The swimming reflex, for instance, is present in children six months and younger, and prompts your babies to move his or her arms and legs in a swimming motion when placed tummy side down in water.
The dive reflex, or the bradycardic response, means that young babies automatically hold their breath, and open their eyes, when pulled underwater. They have no control of this reflex, however, and although it is used when babies are taught to swim in some cases, it by no means indicates that your baby is safe to swim!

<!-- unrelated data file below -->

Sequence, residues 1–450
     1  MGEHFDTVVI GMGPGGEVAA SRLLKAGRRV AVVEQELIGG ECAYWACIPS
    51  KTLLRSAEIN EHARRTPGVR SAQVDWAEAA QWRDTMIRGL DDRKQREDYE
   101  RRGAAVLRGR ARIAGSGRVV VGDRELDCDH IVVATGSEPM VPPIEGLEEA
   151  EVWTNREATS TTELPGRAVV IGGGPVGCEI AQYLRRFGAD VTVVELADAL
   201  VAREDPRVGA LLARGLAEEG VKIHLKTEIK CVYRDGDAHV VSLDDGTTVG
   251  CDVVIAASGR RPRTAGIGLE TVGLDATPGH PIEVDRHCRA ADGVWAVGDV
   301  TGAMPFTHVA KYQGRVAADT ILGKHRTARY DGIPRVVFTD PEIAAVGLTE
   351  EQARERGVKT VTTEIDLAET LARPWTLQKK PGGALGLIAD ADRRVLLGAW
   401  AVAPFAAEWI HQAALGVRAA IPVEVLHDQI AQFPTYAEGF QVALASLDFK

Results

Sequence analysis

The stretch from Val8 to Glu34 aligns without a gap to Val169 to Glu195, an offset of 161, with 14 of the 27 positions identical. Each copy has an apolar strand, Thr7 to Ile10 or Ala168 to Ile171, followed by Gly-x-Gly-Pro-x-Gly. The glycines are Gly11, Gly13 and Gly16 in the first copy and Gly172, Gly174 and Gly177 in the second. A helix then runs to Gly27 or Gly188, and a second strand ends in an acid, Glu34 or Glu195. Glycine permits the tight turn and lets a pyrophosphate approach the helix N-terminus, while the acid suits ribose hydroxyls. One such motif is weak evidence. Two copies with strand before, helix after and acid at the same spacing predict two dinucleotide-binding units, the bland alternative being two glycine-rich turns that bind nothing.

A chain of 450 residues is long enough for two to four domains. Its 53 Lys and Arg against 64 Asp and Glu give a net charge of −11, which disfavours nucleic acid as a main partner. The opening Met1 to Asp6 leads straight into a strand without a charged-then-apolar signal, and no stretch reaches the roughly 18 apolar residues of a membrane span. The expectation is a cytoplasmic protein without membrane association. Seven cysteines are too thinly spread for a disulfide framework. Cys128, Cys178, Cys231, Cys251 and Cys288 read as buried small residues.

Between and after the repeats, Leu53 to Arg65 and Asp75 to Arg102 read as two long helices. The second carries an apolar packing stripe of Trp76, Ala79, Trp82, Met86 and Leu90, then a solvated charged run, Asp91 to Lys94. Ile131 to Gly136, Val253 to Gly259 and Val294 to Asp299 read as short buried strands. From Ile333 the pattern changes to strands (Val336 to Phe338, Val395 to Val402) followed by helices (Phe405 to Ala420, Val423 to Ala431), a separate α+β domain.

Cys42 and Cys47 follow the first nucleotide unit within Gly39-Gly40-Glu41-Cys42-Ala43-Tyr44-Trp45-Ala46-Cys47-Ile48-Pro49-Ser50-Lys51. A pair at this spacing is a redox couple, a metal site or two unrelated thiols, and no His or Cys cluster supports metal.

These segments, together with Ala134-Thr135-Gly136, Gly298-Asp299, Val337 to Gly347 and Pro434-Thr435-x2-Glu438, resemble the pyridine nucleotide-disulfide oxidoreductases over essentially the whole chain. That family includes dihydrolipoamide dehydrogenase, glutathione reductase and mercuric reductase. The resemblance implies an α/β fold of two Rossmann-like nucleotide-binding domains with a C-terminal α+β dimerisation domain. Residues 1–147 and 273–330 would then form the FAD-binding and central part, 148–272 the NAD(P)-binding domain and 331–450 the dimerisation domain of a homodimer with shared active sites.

Aside from the risk of drowning if your child does swallow water, there’s also the chance that there might be bacteria present in the pool, and that can be dangerous too – so your child should never swallow pool water!
Pools are dangerous to infants, and if your child is going to be in one, it should always be supervised (ideally you would swim with your child, rather than be at pool-side, no matter what buoyancy aids are used), and you should always assume that your child does not know how to swim. So practice good pool safety.